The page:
A common cause of exertional dyspnea is an inducible laryngeal obstruction (ILO), where the vocal folds adduct inappropriately during respiration. However, exertional dyspnea can also be caused by cardiac, hematologic, metabolic, neurologic, pulmonary, and tracheobronchial disorders.
This broad differential diagnosis requires vigilance and a low threshold for multidisciplinary evaluation. ILO can be a challenging diagnosis because of nonspecific symptoms, co-occurrence with asthma and other disorders, and a dynamic course that can elude capture on laryngeal examination.
Physicians at Brigham and Women’s Hospital recently encountered a patient with exertional dyspnea and ILO at rest who was ultimately diagnosed with hypertrophic cardiomyopathy as the cause of his symptoms. Thomas L. Carroll, MD, director of the Voice Program and section chief of Laryngology, Bradley M. Wertheim, MD, a member of the Pulmonary Vascular Disease Program, and colleagues describe the case in the Journal of Voice. They encourage wider use of cardiopulmonary exercise testing (CPET) with intermittent or continuous laryngeal examination (ILE or CLE) to catch high-risk cardiopulmonary mimics of upper airway symptoms.
Description of the Case
The patient, a 55-year-old man, presented with progressive exertional throat tightness and dyspnea. He was a competitive long-distance runner and previously ran over 50 miles per week at a 7-minute mile pace. Still, he had developed increasing dyspnea with hill running approximately eight years previously.
Four years before presentation, the patient had been diagnosed with exercise-induced asthma but did not respond to anti-asthma medication. Several months before presentation, he developed worsening exertional symptoms, including heavy breathing, “gasping,” a sensation of being unable to inhale, and discomfort at the base of his throat beginning approximately 2 minutes after starting to run and ending after cessation of exercise.
He also endorsed frequent burping, vocal fatigue, and nocturnal episodes of self-described airway obstruction at the level of the larynx in the supine position. These symptoms persisted after a trial of asthma therapy and omeprazole.
On flexible laryngovideostroboscopy, his vocal folds were observed to be adducting during exhalation on quiet respiration. He also demonstrated compensatory laryngeal hyperfunction and nonspecific laryngeal edema. A voice pathologist provided respiratory retraining and the patient received an empiric trial of acid suppression therapy.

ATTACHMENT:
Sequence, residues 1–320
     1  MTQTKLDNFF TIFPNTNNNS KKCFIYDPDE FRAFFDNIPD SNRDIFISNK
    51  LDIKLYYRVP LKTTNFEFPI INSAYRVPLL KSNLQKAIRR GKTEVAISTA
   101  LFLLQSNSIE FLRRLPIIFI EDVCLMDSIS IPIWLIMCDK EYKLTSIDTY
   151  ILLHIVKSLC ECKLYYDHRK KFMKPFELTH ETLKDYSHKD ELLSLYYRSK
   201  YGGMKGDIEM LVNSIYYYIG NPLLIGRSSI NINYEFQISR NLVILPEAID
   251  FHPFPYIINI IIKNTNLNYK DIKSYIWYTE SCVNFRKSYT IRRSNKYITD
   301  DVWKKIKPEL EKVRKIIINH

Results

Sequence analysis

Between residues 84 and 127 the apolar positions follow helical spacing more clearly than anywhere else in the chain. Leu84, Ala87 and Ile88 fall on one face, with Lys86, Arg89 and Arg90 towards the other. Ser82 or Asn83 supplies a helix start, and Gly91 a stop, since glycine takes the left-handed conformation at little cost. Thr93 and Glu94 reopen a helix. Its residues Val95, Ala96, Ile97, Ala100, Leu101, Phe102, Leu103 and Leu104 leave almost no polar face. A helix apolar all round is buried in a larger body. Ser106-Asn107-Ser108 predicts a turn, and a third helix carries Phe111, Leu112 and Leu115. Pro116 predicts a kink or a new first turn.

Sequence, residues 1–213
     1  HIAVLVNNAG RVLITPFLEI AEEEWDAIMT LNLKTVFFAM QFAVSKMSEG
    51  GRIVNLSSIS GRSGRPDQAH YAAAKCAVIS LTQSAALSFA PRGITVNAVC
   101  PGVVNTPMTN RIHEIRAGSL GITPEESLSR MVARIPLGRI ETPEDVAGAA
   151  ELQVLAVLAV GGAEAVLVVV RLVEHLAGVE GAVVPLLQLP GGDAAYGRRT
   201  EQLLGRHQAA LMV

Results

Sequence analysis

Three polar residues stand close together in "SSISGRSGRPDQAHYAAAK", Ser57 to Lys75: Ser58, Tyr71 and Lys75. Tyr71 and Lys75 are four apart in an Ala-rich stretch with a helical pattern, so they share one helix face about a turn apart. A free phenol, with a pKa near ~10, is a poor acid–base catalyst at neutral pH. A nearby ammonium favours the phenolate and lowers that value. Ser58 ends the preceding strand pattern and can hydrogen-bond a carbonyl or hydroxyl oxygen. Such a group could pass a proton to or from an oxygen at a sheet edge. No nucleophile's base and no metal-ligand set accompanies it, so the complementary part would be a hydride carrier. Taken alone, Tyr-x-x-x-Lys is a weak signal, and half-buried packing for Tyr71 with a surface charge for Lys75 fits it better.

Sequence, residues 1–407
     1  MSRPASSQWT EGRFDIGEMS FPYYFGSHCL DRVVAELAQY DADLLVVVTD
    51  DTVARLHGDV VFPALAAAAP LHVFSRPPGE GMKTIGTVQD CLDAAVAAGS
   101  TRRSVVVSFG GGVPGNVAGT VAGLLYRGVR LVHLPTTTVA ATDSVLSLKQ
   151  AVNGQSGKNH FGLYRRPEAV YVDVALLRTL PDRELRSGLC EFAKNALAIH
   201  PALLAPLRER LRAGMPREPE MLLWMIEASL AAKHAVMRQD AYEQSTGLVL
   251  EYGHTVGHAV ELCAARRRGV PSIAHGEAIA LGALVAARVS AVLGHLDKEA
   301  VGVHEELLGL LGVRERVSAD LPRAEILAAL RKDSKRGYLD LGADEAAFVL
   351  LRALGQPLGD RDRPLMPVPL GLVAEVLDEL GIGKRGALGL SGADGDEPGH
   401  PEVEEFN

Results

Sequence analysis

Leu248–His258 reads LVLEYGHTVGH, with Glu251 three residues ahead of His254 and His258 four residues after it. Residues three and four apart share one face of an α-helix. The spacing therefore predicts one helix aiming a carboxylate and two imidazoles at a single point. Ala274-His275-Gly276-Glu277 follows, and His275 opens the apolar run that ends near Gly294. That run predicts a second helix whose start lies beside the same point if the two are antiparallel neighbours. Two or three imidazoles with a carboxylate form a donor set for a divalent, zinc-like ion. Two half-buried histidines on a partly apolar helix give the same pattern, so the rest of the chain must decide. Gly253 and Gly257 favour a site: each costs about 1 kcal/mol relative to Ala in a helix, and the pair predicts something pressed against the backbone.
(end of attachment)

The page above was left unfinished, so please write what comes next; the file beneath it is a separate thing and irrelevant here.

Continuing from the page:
Lung function tests were normal except the forced expiratory volume in 1 second/forced vital capacity ratio was 68%, consistent with a borderline obstructive defect. Still, that would not be expected to cause substantial exercise limitations.
Because the patient’s symptoms seemed disproportionate to the findings, he underwent CPET with ILE. He developed atrial flutter with 1:1 atrioventricular conduction to a heart rate of 244 beats/min, coinciding with the onset of dyspnea and throat tightness. The test also showed impaired aerobic capacity and ventilatory inefficiency. Aerobic capacity is typically normal in the setting of ILO.
After referral, a cardiology evaluation revealed an abnormal transthoracic echocardiogram and cardiac MRI study consistent with apical-variant hypertrophic cardiomyopathy. He underwent cavotricuspid isthmus ablation with subsequent improvement in exercise capacity. An implantable cardioverter–defibrillator was placed for the prevention of sudden cardiac death.
Guidance for the Clinic
Many otolaryngologists have their dyspneic ILO-suspect patients undergo outpatient, in-office exercise challenges, such as the stair-climbing challenge. This option is rapid and inexpensive, however, it could be dangerous if a patient became symptomatic from non-ILO causes and it can miss potentially important causes of dyspnea, as this case demonstrates.
CPET with intermittent or continuous laryngeal evaluation should be considered when: (a) resting fiberoptic laryngoscopy is abnormal but symptoms do not improve with therapy, or (b) resting laryngoscopy is normal and pulmonary, cardiac, and general medical evaluations are also unrevealing.